Looking at those numbers, the question emerges as to why Sony was owned so much more than all the other unsecured creditors, let alone the other majors. This was, it turns out, due to the fact that WMG and UMG were nearing the end of their licensing agreements, while Sony had just signed a new deal with Rdio. The amount owed apparently also included a large advance, also known as minimum payment, or minimum revenue guarantee.
Even though Pulser’s equity was wiped out by the Chapter 11 filing, things were tense from the beginning since it looked like all the estate funds were going to them and Iconical as the secured lenders. Typically, the equity owners lose out completely when a company goes belly up. Yet here, the equity owners looked like they would finish with some cash in hand, while the unsecured creditors would get nothing.
“This case was almost over before it started because Pandora bought the assets for much less than what was owed to the unsecured creditors, let alone the secured creditors,” says a lawyer for one of the unsecured creditors. “It was an uphill battle, checking to see that all the i’s were dotted and the t’s were crossed.”
The unsecured creditors committee decided to explore the possibility of filing a lawsuit to have the Pulser secured loan “re-characterized” as equity or, failing that, to challenge Pulser’s secured status. They felt that even if they couldn’t win the lawsuit to have the secured debt converted to equity and get it wiped out, at least they could have $87 million of the secured debt re-cast as unsecured. But that would still leave Pulser secured to the tune of $97 million, and leave the unsecured out of the money.
Meanwhile, in response to what the committee was up to, Rdio accused the major labels of collusion and price-fixing their licensing agreements, according to sources. The company then hired an anti-trust lawyer in preparation of following up on that strategy.
With that accusation, the three majors resigned from the secured creditor’s committee and on April 4, Sony went a step further and filed a lawsuit, alleging fraud among other things. Eventually, cooler heads prevailed and settlement talks began on all sides.
By early August the settlement was coming together, with a key element being that for most creditors the estate would not seek reclamations. That means any payments made three months before the filing (regarded as preferential payments that can usually be reclaimed by the estate) wouldn’t be eligible. So, Sony wouldn’t have to return $154,000 paid to it on Sept. 4, 2015; UMG wouldn’t have to return $553,000 paid to it in four installments between Sept. 4 and Oct. 7; while other music creditors look like they are in the clear for a good chunk, if not all, payments that fell in the preferential payment category, according to Exhibit 4 of the court filing.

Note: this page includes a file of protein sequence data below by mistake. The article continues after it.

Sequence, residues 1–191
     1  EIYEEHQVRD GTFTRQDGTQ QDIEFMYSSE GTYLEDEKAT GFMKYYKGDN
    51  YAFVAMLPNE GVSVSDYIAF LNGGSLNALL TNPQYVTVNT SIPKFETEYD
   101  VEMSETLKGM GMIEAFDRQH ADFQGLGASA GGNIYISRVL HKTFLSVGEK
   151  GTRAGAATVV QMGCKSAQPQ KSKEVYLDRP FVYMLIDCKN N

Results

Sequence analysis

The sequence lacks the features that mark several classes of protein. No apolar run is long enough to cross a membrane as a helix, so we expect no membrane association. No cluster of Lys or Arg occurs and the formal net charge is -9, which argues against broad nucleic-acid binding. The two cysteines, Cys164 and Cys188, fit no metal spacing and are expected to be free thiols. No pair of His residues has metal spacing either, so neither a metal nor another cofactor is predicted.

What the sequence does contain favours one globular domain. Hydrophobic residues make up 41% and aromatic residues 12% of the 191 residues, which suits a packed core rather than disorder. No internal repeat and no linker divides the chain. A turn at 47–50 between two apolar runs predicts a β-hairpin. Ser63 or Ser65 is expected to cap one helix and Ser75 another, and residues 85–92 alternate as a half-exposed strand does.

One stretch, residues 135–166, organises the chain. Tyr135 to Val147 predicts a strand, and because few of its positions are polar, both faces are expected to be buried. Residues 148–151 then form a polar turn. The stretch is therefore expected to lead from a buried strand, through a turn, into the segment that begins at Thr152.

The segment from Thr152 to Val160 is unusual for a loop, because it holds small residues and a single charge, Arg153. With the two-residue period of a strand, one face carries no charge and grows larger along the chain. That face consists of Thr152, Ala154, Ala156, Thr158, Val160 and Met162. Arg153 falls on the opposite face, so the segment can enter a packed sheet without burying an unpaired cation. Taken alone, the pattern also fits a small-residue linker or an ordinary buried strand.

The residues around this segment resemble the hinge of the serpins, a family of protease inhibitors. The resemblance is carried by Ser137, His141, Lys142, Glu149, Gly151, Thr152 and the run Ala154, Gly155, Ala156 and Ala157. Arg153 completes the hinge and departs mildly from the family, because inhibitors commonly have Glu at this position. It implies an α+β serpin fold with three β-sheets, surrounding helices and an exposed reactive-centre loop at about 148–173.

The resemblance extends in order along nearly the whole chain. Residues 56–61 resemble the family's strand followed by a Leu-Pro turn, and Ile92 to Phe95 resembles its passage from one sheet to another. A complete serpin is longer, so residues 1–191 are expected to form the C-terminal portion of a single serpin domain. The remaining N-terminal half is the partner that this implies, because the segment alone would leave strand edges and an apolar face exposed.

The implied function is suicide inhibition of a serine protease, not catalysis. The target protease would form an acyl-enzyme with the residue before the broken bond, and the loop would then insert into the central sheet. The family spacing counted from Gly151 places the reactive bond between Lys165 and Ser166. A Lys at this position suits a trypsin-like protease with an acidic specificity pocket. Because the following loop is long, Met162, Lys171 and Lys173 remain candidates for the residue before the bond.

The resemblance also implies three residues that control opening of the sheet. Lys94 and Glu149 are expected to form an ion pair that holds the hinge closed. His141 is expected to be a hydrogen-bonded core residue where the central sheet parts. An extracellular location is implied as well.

As part of that settlement, Pulser made major concessions too, agreeing that only $47.2 million of the $184 million it was owed would be considered secured; and the balance of $136.8 million would be considered unsecured. Further, it agreed that its unsecured claim would not receive any distribution, meaning that the total payout to Pulser would be $47 million. So in the end, the settlement sets unsecured claims at $21.35 million to $29.6 million, with about $5.5 million in payments, which means that each of the unsecured creditors will be getting 16.9 cents to 19 cents on the dollar.
WMG settled for $100,000, 16.1 percent of the nearly $620,00 it claims it is owned. UMG will receive $125,0000 out of the agreed upon claim of $1.1 million, or 11.2 percent. Sony’s settlement, meanwhile, is between it and Pulser. That settlement calls for Pulser to use an undisclosed portion of the $47 million it will get from the estate to buy Sony’s claim.
The upshot is: none of the majors’ payments are coming out of the unsecured creditors’ pool.
And Sony and UMG get one more thing, according to the court documents. All agreements made between the debtor and each of those majors retain their confidential obligations so the estate trust must return all such documents to the respective major, or destroy them within five days after the plan is approved.